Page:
Tuesday, 9 July 2013

Human Relations at Work

Through my multi-cultural working experiences in the Middle East and the UK, I have come across a number of difficult people, colleagues and managers. But, we don't always have a choice, we can choose our friends, neighbours, and jobs. We can not choose two things: our families and bosses.

Certainly difficult people will give you hard times, horrible situations to overcome. However, by understanding people, how they tick, what they think and why they act like they do, we can avoid the bad times and overcome awkward issues.

To cope with difficult people, I try to list the difficult types we come across and how to respond (reference: Robert Bramson, author of Coping with Difficult People), here is his guide;

  1. The hostile 'Sharman tank'; always maintain eye contact and don't worry about being polite get in anyway you can.
  2. The hostile 'sniper'; don't focus on their point of view, involves other and have regular problem solving meetings.
  3. The hostile 'exploder'; give them time to run down, if they don't, cut the tantrum with a neutral phase such as 'Stop!'
  4. The complainer; listen attentively to their complaints even if you feel guilty or impatient, don't apologise for their allegation, but be serious and supportive. 
  5. The silent and the unresponsive; Ask open ended questions and wait calmly for a response.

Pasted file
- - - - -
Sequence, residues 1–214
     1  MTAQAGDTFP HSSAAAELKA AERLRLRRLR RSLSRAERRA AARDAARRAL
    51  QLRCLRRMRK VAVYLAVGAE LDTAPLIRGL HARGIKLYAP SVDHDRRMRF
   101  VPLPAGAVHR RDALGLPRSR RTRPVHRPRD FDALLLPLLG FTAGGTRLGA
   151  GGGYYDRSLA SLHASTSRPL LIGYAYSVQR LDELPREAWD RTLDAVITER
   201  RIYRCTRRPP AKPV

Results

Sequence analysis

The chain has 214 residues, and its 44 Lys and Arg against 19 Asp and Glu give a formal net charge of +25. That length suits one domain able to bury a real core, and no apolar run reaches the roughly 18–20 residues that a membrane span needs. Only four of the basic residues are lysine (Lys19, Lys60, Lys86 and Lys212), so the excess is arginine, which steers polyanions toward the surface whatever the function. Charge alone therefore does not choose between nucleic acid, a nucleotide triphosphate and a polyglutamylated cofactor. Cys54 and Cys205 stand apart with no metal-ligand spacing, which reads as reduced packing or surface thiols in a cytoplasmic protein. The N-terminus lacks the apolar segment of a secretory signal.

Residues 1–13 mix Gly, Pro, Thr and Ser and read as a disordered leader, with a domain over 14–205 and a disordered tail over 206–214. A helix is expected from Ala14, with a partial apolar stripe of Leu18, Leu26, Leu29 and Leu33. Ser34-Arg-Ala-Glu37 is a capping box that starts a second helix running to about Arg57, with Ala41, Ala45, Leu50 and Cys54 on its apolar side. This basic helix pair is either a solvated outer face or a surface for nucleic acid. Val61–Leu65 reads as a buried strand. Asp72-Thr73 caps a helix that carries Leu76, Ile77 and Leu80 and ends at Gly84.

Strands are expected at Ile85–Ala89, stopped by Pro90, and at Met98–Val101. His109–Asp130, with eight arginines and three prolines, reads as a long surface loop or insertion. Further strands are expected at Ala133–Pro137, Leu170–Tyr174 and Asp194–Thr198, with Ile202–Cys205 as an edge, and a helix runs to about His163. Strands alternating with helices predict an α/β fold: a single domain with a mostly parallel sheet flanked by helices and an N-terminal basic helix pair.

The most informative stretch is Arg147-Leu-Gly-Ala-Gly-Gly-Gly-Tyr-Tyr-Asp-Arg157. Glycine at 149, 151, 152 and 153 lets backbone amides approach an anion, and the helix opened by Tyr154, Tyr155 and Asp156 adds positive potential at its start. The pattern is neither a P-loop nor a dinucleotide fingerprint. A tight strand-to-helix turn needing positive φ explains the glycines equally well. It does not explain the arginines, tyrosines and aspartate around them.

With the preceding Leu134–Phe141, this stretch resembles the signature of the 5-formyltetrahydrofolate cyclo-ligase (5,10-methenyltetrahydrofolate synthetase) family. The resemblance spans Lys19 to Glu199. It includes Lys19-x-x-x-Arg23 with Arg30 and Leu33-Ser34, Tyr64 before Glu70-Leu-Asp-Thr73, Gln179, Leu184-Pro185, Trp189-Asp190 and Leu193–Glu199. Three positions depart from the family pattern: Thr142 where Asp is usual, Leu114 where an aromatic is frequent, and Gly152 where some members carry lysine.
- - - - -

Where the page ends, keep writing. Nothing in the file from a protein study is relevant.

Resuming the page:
6. The super agreeable; listen to their humour. There may be hidden messages in those quips or teasing remarks.
  7. The negativist; don't argue them out of their pessimism, be alert to the potential, in yourself and the others in the group, for being dragged down into despair.
  8. The know-all; make sure you have done a through job of preparing yourself, review all relevant materials and check them for accuracy.
  9. The indecisive; listen for clues to the problem, make it easy for them to tell you about the conflicts or reservations that prevent the decision, when you have surfaced the issue, help them solve their problem with a decision.

The first rule;        There is no such thing as a difficult person, there are just people we need to learn how to deal with.

The second rule;
Re-read the first rule.

Monday, 1 July 2013

Deming Cycle

W. Edwards Deming in the 1950's proposed that business processes should be analysed and measured to identify sources of variations that cause products to deviate from customer requirements. He recommended that business processes be placed in a continuous feedback loop so that managers can identify and change the parts of the process that need improvements.

Having worked across sectors in multi-disciplinary organisations, I have come across projects related to Infrastructure Asset Management, which is based on PAS 55 (ISO 55000), and in another different sector, the Information Technology with its Service Management Systems (SMS) based on ISO 20000.

Two major sectors, infrastructure asset management and ITIL for service management system are both based on Deming PDCA steps approach.

Since the 1950s, Deming cycle has proved valuable in the progression of business processes and customer services across assets classes and industry sectors.

So, let is make these basic famous principles part of every manager toolkit. Subsequently, let us make it part of our education systems for teachers and students in a wider community.

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